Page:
Everybody is different, meaning that the reactions that happen to one person might not happen to another. But these are clear signs that might indicate that something very serious is happening.
Families may find the person they love clutching their chest and complaining of an incredibly fast heartbeat that will not slow down. Friends may find that the person appears confused and can’t recognize faces or names. Some people may find their loved one ranting and raving about things they cannot see or hear. Others may find them barricaded in the bathroom with terrible digestive symptoms that will not abate.
There may be other signs near the person that indicate drugs are to blame for the episode. Families may see pill bottles, baggies that once held pills, or other storage containers for medicine. If the person takes other drugs at the same time, bottles, needles, or other drug paraphernalia may be close to the person overdosing.
What to Do Next
When you suspect that an overdose has happened, start a conversation with the person. Ask what the person has taken, when it was taken, and how much. Find out about the other substances the person may have taken and when those substances entered the body. The person may not be capable of giving you clear answers, but the more you know, the better.
Next, call 911. Since modafinil overdose comes with heart-related symptoms, including an increased heart rate and high blood pressure, this is a medical emergency that you cannot treat at home. You must call for help.
The Operator Will Ask You a Series of Questions, Including:
- The person’s name
- The person’s age
- What the person took
- How much the person took
- When the drug use took place
- What symptoms the person is showing
The operator may give you instructions to follow as you wait for the ambulance to arrive. Follow those instructions carefully even if you feel like doing something else.
You may be tempted to force the person to vomit. It is not wise to induce vomiting or give the person anything to eat unless a professional tells you to do so. Some types of drugs can be absorbed through the tissues that line the mouth and throat, so inducing vomiting can enhance drug exposure. Similarly, since modafinil can cause digestive distress, encouraging the person to eat can cause vomiting, and that could lead to choking.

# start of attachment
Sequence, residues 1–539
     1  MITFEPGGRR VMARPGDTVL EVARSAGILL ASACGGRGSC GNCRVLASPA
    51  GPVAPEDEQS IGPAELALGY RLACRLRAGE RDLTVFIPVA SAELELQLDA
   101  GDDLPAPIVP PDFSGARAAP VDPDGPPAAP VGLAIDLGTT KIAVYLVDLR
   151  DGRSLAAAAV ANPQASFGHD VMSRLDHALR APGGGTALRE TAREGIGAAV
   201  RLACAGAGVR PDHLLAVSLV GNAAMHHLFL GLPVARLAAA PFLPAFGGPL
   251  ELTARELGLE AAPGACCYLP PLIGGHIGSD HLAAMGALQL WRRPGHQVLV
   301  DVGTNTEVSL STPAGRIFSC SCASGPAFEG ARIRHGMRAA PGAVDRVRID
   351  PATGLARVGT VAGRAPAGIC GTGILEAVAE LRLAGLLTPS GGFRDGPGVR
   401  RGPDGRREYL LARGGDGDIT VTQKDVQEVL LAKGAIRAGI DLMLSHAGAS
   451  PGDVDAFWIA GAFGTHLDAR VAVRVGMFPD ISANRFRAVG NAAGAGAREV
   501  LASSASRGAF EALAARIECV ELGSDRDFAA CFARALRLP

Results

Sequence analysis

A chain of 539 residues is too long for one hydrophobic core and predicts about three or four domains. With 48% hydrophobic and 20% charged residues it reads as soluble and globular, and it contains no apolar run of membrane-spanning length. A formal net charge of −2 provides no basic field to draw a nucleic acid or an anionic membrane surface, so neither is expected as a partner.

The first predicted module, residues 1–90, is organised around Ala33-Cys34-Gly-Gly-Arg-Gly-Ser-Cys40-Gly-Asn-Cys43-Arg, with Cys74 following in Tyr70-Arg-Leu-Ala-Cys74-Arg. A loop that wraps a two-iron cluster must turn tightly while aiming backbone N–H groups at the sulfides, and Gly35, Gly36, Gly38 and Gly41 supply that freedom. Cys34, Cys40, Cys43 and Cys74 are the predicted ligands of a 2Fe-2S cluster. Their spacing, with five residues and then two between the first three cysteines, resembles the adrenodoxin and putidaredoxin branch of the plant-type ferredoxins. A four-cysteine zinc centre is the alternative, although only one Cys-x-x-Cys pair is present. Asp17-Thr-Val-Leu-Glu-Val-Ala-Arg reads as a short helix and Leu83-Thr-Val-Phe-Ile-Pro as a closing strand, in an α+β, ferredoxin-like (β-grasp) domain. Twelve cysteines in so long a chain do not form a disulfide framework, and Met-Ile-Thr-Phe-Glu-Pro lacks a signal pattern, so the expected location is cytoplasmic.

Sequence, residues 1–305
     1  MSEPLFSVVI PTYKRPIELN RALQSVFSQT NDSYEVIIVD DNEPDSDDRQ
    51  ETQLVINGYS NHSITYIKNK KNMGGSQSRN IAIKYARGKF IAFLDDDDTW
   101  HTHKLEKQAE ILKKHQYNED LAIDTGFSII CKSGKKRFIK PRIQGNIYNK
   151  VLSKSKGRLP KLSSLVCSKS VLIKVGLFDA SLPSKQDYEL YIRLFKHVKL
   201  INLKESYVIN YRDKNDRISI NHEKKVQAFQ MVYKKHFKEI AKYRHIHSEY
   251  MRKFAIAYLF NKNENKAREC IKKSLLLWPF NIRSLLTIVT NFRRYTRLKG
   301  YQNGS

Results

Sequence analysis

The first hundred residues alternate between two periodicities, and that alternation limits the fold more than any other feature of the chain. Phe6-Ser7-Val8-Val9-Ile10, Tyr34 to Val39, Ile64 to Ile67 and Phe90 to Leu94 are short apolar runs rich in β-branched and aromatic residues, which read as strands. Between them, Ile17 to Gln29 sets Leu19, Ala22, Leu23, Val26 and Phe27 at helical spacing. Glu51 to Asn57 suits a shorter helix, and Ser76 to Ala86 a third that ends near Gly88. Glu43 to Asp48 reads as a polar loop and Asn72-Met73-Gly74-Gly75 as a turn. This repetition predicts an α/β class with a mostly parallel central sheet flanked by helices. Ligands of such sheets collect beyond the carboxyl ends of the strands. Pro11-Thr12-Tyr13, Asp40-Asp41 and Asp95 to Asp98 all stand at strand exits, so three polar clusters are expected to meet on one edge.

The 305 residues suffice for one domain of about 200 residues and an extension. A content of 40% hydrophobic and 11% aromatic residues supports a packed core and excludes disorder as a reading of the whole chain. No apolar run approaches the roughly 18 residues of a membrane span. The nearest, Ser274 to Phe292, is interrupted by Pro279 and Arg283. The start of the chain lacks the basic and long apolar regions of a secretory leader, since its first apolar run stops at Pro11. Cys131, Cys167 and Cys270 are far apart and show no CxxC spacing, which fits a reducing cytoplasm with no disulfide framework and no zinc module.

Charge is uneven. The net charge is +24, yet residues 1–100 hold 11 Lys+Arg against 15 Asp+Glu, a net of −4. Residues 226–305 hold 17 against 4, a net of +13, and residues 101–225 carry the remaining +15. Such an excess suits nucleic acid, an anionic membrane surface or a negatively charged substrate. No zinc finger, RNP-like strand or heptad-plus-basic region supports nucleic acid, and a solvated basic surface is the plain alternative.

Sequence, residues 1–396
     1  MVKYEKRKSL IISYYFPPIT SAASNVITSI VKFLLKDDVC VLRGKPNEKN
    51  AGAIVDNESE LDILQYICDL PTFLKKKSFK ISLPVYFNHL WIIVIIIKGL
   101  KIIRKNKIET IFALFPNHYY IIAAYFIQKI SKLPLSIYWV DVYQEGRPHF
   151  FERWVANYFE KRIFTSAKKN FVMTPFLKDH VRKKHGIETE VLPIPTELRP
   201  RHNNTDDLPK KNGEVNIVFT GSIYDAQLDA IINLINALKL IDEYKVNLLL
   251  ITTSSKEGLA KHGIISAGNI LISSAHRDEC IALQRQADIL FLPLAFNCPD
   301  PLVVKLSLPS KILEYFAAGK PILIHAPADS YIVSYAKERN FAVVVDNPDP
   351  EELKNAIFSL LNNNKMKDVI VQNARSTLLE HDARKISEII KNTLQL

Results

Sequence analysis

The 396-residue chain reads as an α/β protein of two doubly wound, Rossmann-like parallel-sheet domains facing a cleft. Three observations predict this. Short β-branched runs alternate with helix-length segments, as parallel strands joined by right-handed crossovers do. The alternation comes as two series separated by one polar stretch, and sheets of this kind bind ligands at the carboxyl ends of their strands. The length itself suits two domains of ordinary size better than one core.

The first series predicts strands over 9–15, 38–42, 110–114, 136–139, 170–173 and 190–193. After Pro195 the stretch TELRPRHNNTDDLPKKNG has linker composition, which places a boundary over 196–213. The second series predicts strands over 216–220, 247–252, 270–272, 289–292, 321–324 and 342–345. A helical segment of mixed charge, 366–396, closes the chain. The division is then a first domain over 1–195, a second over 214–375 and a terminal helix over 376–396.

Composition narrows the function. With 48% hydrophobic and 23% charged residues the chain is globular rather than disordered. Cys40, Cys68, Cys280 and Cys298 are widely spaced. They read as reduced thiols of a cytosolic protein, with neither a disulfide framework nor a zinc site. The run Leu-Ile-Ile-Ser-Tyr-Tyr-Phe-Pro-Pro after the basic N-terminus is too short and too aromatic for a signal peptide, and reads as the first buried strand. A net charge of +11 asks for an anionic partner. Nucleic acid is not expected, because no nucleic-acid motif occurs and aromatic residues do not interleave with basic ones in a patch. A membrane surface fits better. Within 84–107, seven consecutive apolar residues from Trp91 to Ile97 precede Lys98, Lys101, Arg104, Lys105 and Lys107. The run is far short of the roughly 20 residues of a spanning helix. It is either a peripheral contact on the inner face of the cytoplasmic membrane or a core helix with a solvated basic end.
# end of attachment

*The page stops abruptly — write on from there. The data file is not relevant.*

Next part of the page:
In severe cases, modafinil overdose can cause unconsciousness. This could be an issue, for example, if the person takes alcohol along with the drug. If the person is not conscious, Medline Plus recommends placing the person in the recovery position. This involves rolling the person onto their left side and bending the top leg so that the hip and knee are at right angles. Next, you will tilt the head back to keep the airway open. This position can facilitate breathing and ensure the person can vomit if needed.
On the other end of the spectrum, modafinil has been associated with aggression and/or psychosis, according to research published in Case Reports in Psychiatry. This could mean the person could harm you due to the drug’s effects. You should do all you can to stay safe in this situation, while you wait for the ambulance to arrive. Do not hit, restrain, or harm the person as you wait. Just look for ways to defuse the situation and keep yourself safe. The person will need your help in recovery, so you must do your part to stay well.
When the ambulance arrives, move away from the person and let the emergency medical team members do their work. You may need to answer questions and offer a timeline, but you will need to give the professionals room to work. The team may allow you to ride in the ambulance to the hospital, or you may choose to follow via your own means of transportation.
How Modafinil Overdose is Treated
Once the person arrives in the hospital, the medical team will perform an assessment. They may attach heart-monitoring equipment to the person’s chest, and they may place intravenous lines into the person’s hand or arm to allow them to give medications quickly and easily.
In a study published in the Journal of Medical Toxicology, researchers report that a variety of medications can be used to treat modafinil overdose, including activated charcoal, benzodiazepines, antihistamines, and more. The person may need to stay in the hospital for a day or two until symptoms resolve.
When the episode is over, it is vital to discuss addiction treatment. Modafinil is a dangerous drug, and overdoses can happen to anyone who takes too much for too long. In therapy, people with addictions can develop the insights and skills they need to overcome addiction. They can learn to live without the constant use of drugs, and that will help them to avoid the next overdose.